During an online roundtable discussion Tuesday, four Arizona mayors discussed economic challenges facing their cities as they await Gov. Doug Ducey’s decision on reopening Arizona.
Phoenix Mayor Kate Gallego has requested that Ducey allow mayors to be a part of the decision process on whether to extend or keep the stay-at-home order, which is set to expire at the end of Thursday. The governor last week said he would base his decision on the latest data on the spread of COVID-19 in the state, which has claimed 293 lives so far.
“Governor Doug Ducey put in an executive order and has made it clear that he is the decision maker on these issues,” Gallego said. “Governor Ducey’s staff used to have phone calls daily with the mayors at the beginning of the virus, but they have canceled that.”
The mayors of Casa Grande and Tolleson reported that more essential businesses in their cities stayed open during Ducey’s order than in Phoenix and Mesa, which might help them in the long run.
“A lot of our industry is essential so it continues to work, we have about 27 manfucturing facilities. The biggest issue is going to be the bars and restaurants,” said Casa Grande Mayor Craig McFarland, adding that the city’s 2020-21 budget is expected to fall just 0.6%.
Several mayors said that whenever Ducey allows businesses to reopen, it will have to be done gradually, with social distancing and crowd-size limits still in place.
“It’ll be interesting to see how we transition out of the stay-at-home order to what extent we incorporate social distancing into our daily lives so we can engage in economic activity as soon as possible,” Mesa Mayor John Giles said. The roundtable was hosted by the Greater Phoenix Economic Council.
As of Tuesday, April 28, the Arizona Department of Health Services reported 6,948 cases of COVID-19 and 293 deaths in the state. It said 67,438 tests for COVID-19 have been completed as of April 28 in public and private labs in Arizona, and 8.7% of tests have come back positive for the virus.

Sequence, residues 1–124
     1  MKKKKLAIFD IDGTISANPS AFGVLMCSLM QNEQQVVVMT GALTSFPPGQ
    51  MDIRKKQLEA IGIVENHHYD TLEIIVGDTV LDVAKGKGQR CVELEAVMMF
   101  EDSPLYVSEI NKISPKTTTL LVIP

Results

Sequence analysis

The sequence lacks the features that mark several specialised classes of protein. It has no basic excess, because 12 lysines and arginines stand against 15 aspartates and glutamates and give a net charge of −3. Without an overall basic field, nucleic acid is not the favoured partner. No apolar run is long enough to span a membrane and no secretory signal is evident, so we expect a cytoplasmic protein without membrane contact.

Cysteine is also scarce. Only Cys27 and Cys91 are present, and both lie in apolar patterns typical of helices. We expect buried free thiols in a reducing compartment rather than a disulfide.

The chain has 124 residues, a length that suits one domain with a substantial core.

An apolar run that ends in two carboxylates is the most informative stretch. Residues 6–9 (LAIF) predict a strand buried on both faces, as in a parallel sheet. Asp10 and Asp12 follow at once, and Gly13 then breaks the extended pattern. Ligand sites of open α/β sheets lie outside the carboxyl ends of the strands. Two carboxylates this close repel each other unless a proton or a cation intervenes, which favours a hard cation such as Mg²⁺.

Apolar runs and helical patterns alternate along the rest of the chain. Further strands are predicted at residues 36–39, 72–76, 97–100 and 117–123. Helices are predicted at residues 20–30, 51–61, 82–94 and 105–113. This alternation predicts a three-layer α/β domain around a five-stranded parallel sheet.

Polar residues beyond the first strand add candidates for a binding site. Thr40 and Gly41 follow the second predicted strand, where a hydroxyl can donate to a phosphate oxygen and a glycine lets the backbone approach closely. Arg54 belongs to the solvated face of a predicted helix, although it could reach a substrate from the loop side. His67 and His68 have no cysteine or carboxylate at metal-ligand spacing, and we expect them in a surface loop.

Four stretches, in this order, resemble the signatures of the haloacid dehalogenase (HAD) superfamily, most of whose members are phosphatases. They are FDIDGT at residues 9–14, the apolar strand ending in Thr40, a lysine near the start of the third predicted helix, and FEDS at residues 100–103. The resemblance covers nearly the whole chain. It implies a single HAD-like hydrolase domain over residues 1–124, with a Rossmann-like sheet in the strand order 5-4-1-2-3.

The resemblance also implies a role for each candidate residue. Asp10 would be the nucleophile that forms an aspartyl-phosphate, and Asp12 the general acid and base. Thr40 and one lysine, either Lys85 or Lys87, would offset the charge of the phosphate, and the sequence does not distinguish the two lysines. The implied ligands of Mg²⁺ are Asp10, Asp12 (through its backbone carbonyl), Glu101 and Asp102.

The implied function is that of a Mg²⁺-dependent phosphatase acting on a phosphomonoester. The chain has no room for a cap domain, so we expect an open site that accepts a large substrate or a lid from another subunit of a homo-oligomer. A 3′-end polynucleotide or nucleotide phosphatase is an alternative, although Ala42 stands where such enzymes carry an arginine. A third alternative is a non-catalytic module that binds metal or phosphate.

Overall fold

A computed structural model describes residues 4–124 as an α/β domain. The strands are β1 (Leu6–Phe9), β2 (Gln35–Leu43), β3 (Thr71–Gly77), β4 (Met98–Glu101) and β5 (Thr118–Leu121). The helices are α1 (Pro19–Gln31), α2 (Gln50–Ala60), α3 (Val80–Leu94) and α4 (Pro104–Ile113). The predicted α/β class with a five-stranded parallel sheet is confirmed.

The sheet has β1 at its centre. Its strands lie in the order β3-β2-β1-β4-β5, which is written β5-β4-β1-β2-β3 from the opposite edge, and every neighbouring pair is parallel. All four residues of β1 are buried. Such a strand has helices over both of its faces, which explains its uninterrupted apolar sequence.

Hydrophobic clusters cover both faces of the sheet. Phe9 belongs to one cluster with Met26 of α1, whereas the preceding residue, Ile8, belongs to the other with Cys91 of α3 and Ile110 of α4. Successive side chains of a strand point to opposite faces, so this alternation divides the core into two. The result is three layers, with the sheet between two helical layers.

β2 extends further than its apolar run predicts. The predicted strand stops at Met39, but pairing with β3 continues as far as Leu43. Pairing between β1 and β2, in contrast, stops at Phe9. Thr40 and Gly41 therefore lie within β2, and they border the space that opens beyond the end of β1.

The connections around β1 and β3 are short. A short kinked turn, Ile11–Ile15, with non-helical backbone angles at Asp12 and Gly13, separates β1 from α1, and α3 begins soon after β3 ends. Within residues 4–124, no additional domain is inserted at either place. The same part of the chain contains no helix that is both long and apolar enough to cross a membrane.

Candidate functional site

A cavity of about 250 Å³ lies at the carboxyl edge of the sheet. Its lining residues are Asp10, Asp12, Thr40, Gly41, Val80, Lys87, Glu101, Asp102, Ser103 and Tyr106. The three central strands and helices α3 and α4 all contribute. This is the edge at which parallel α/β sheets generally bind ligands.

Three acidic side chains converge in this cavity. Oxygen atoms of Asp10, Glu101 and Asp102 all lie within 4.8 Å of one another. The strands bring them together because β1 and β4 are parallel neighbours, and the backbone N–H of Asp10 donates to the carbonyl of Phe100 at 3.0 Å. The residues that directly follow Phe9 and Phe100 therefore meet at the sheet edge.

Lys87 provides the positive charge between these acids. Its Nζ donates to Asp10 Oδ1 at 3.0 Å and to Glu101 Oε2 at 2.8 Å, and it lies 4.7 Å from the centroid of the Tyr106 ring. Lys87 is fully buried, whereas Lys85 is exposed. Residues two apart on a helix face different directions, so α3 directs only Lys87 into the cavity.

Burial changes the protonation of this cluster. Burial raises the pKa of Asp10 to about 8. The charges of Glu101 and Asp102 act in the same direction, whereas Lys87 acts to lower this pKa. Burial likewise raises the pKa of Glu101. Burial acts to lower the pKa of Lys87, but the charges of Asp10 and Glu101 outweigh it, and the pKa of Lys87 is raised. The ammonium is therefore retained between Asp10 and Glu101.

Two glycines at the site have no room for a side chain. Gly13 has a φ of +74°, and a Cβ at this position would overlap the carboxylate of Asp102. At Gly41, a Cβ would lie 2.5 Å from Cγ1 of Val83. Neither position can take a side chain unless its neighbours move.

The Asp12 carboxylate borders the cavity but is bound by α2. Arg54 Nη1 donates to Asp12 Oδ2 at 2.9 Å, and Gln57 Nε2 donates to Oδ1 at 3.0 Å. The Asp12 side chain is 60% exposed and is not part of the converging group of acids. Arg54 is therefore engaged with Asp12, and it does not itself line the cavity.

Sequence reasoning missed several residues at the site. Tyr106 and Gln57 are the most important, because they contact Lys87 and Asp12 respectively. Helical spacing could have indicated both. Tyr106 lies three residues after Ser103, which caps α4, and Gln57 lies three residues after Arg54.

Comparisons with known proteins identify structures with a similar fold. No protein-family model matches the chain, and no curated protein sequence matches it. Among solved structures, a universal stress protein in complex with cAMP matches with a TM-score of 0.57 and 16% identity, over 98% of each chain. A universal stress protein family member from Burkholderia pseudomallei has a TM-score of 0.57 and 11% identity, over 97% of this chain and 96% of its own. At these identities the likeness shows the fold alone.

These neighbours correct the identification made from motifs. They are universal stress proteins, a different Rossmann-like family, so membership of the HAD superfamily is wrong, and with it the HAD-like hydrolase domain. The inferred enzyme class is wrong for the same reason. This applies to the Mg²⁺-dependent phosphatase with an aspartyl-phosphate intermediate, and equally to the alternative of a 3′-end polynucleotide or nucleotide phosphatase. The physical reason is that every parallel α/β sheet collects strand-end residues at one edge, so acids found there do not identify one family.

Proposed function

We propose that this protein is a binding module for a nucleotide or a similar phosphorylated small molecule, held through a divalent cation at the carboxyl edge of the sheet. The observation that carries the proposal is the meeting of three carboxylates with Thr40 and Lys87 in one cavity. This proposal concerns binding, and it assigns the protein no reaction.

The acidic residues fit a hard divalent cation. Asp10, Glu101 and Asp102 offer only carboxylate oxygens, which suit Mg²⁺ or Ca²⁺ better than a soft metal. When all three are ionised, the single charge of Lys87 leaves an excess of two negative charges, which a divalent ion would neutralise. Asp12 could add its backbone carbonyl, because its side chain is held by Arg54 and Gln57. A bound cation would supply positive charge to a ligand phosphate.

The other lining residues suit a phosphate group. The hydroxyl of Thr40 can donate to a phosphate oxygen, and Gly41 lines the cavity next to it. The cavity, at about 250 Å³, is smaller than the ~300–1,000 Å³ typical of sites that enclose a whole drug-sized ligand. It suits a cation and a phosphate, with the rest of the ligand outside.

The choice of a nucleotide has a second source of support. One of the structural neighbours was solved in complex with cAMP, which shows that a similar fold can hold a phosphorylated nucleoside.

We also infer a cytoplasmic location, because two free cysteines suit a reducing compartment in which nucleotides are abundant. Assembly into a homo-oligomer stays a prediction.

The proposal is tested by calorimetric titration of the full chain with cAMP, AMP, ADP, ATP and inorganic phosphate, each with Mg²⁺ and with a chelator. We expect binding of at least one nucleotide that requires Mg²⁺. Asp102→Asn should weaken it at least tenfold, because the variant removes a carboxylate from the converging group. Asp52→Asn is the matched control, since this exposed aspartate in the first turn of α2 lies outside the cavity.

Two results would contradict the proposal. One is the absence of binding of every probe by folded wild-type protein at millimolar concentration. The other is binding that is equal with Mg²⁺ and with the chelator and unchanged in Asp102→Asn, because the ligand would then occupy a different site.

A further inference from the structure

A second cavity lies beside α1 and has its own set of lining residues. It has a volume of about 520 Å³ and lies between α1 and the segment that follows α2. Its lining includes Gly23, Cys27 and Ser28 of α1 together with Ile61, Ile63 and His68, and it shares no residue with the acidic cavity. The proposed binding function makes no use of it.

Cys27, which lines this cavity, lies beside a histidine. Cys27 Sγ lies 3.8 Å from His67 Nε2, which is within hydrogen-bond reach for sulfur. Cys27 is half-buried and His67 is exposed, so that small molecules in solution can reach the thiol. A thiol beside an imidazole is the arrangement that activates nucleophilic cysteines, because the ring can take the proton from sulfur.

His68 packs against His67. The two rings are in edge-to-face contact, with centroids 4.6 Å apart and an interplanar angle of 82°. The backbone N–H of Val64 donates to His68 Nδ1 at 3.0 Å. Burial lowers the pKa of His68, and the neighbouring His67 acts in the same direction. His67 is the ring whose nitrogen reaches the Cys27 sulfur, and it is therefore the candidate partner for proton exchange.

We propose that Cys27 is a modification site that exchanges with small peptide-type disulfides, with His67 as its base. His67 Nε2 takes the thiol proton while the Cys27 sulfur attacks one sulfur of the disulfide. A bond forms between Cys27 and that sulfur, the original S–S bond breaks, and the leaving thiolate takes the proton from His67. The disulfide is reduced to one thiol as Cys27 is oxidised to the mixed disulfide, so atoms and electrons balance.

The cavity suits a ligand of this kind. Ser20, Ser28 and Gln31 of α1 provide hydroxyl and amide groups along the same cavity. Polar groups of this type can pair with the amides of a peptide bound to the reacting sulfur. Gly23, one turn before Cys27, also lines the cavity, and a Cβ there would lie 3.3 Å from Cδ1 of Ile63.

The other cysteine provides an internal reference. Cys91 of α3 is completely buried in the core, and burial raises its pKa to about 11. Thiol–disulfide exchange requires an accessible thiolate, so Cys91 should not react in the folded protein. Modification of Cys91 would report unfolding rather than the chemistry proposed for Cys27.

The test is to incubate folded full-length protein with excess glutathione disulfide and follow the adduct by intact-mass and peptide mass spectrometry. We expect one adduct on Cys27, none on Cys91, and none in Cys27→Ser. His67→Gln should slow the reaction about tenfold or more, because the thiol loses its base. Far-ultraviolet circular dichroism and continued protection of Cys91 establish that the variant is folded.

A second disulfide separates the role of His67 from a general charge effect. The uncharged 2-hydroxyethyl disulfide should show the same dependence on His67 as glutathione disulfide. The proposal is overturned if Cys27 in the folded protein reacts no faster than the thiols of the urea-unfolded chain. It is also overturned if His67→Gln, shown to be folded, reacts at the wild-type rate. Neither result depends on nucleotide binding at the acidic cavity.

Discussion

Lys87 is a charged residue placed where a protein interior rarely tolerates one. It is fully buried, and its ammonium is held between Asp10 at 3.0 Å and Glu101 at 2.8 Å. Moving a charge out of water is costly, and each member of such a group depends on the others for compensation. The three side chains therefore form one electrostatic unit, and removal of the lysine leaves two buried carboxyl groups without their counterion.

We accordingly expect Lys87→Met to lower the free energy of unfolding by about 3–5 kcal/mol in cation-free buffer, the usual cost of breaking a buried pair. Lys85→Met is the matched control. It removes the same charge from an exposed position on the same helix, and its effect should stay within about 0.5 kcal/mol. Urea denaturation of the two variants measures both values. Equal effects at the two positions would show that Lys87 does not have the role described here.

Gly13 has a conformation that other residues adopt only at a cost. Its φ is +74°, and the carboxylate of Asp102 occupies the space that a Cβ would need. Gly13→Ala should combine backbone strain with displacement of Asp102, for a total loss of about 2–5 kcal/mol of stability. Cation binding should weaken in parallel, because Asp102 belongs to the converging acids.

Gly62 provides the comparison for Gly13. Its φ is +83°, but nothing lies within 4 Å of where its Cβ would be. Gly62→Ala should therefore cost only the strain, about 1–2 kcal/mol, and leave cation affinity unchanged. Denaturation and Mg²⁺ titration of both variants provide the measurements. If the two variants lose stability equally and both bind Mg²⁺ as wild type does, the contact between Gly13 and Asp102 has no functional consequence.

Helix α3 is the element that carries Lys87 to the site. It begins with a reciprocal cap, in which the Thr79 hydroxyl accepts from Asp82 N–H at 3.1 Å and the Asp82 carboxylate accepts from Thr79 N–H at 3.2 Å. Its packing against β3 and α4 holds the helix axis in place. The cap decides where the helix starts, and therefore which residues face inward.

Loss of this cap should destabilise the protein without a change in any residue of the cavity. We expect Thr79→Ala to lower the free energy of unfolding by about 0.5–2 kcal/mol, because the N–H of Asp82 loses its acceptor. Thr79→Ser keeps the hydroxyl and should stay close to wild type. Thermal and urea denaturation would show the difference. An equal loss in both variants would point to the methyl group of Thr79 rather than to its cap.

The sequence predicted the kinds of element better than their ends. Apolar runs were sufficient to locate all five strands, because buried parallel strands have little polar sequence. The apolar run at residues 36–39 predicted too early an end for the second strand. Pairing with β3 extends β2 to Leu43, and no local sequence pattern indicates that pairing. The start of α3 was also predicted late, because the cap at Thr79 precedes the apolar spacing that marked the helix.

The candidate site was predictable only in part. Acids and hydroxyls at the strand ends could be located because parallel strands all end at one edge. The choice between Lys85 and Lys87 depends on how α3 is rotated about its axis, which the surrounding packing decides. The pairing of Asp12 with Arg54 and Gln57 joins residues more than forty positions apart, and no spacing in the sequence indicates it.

Frontline workers to be honored by Air Force on Friday
Luke Base Air Force and the Arizona Air National Guard are planning a special flyover at 3:10 p.m. Friday to honor first responders and others battling COVID-19. The 15 jets, including F-35A Lightning IIs and F-16 Fighting Falcons, will fly a 50-minute route over much of the Phoenix area. “We want everyone to be able to look up from their homes and enjoy the display of American airpower, resolve, and pride while keeping frontline responders in their hearts” Brig. Gen. Todd Canterbury, 56th Fighter Wing commander at Luke, said in a press release.
Officials wrong to withhold COVID-19 information, critics say
Health privacy law experts told ABC15 they think Arizona officials are mistaken in their refusal to release detailed data of COVID-19 outbreaks by unlawfully claiming they are protected by federal patient-privacy law. Health officials have denied requests from news reporters and members of AARP for information on locations of nursing homes and other facilities affected by the pandemic.